~note to self: mail care package of Snickers bars before sending next proposal~

What appealed to you most about Deadly Devotion and the Port Aster Secrets series?

We’d been looking to add to our offerings suspense/romantic suspense/mystery category.  Your writing is strong, your characters are interesting, the setting is unique, and we didn’t have anything like it in our list. You’d won an award in your category. So lots of things commended the proposal.  Those are just right off the top of my head.

How many times will you read through a manuscript you’re editing?

First draft, one and maybe two times. Second draft…I’m just reading for the revisions I’ve asked an author to do unless there’s been a major revision.  Same with any drafts after that.

Do you prefer to work on paper or on the computer with track changes?

Paper…what’s that?  Seriously, I haven’t edited on paper for, oh my goodness, I think I just got heart palpitations.  Not since the mid 90s, I think.  1990s, lest you think I’m THAT old.

LOL, I guess now’s not the time to mention that I often write first drafts on pen and paper longhand. Now I feel old!

An acquiring editor does so much more than evaluate proposals and edit manuscripts. Could you tell us a little bit about the meetings and events you attend, physically and/or virtually, and your role at them?  (btw, Vicki fixed a wrong word in the question, saying you really can’t turn off the editing gene)

Meetings…Revell is amazing in that our four editors live in four different cities in three different states.  Only one, our editorial director, is “in house.” So most of our meetings are by phone (we’re all live and in person for positioning meetings, sales conference, and strategic planning).  In no particular order: Editorial Board (the Revell editors pitch the cream of our proposal crop to each other to decide what makes the final cut for pub committee); Publishing Committee (that’s where editorial, sales, marketing, and publicity come together to make decisions on projects we’d like to contract, with the acquiring editor making the initial pitch); Titling Committee (creative chaos that results in a final title for all our books); Positioning Meeting (3 times a year, we review upcoming titles in each catalog season…this gets us ready for the titling and cover design process and lets us review specs, think about marketing angles and such); Sales Conference (preps our sales team, 3 times a year); Strategic Planning (yearly). And then a couple of writers conferences a year, ICRS, ACFW, and maybe another trip or two.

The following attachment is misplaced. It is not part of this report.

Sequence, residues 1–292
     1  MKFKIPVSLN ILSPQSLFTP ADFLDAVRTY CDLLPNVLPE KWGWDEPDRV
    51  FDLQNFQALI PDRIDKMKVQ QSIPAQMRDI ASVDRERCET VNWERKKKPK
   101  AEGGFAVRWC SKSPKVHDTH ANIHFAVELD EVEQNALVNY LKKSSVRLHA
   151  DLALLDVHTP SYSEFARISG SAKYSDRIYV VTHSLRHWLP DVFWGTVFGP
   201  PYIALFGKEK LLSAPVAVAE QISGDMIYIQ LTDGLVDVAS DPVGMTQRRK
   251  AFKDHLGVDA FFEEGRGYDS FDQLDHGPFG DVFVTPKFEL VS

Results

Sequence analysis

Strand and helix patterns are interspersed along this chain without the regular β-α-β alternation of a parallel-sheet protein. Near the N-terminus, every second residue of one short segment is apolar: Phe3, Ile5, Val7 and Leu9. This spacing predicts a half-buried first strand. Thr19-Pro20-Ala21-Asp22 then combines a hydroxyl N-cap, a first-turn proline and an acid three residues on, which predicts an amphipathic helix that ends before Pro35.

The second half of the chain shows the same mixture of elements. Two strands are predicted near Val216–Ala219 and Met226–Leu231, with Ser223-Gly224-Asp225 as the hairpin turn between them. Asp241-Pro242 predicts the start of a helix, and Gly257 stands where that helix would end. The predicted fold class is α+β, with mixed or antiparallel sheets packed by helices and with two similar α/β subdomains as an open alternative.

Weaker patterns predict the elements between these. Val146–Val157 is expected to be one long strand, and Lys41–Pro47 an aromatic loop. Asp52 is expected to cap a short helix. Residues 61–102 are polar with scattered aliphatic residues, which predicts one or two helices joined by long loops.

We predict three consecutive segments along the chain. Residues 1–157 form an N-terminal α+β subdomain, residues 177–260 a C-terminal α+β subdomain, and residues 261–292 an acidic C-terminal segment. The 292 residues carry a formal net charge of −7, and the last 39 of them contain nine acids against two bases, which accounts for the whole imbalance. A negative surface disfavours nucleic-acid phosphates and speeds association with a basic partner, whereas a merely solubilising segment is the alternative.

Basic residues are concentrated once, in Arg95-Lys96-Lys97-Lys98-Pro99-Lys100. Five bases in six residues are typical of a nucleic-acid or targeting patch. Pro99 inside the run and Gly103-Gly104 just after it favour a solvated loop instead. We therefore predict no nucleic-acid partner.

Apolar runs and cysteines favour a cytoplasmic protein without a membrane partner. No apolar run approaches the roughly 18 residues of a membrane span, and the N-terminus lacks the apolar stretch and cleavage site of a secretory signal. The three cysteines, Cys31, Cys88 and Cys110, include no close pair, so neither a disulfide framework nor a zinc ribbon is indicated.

Whew, that’s a lot of meetings!

How many new authors has Revell acquired in the last year or so? Are any of them debut authors? 

I don’t have an exact count, but we’re always adding authors who are new to us…and who are debut authors.  I’m in the process of signing a debut author right now.

How exciting! Can’t wait to hear who he or she is.  🙂 How long from the time an offer is made might an author expect their book to be released?